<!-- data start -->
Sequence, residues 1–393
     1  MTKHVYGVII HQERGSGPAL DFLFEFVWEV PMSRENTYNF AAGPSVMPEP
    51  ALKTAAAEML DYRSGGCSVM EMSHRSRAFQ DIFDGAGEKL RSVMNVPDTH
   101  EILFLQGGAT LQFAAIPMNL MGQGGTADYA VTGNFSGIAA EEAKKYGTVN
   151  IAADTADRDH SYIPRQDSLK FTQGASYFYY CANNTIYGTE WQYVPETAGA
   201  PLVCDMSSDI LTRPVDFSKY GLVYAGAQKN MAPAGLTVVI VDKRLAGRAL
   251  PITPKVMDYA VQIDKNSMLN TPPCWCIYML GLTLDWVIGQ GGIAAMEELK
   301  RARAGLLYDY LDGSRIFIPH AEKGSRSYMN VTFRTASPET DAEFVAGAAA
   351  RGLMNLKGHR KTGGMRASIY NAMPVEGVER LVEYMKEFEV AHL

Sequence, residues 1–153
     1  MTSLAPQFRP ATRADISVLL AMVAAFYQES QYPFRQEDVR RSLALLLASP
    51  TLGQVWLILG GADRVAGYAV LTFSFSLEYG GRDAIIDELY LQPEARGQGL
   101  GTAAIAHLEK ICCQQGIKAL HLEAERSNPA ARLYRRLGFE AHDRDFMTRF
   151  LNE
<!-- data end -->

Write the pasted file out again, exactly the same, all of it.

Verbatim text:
Sequence, residues 1–393
     1  MTKHVYGVII HQERGSGPAL DFLFEFVWEV PMSRENTYNF AAGPSVMPEP
    51  ALKTAAAEML DYRSGGCSVM EMSHRSRAFQ DIFDGAGEKL RSVMNVPDTH
   101  EILFLQGGAT LQFAAIPMNL MGQGGTADYA VTGNFSGIAA EEAKKYGTVN
   151  IAADTADRDH SYIPRQDSLK FTQGASYFYY CANNTIYGTE WQYVPETAGA
   201  PLVCDMSSDI LTRPVDFSKY GLVYAGAQKN MAPAGLTVVI VDKRLAGRAL
   251  PITPKVMDYA VQIDKNSMLN TPPCWCIYML GLTLDWVIGQ GGIAAMEELK
   301  RARAGLLYDY LDGSRIFIPH AEKGSRSYMN VTFRTASPET DAEFVAGAAA
   351  RGLMNLKGHR KTGGMRASIY NAMPVEGVER LVEYMKEFEV AHL

Sequence, residues 1–153
     1  MTSLAPQFRP ATRADISVLL AMVAAFYQES QYPFRQEDVR RSLALLLASP
    51  TLGQVWLILG GADRVAGYAV LTFSFSLEYG GRDAIIDELY LQPEARGQGL
   101  GTAAIAHLEK ICCQQGIKAL HLEAERSNPA ARLYRRLGFE AHDRDFMTRF
   151  LNE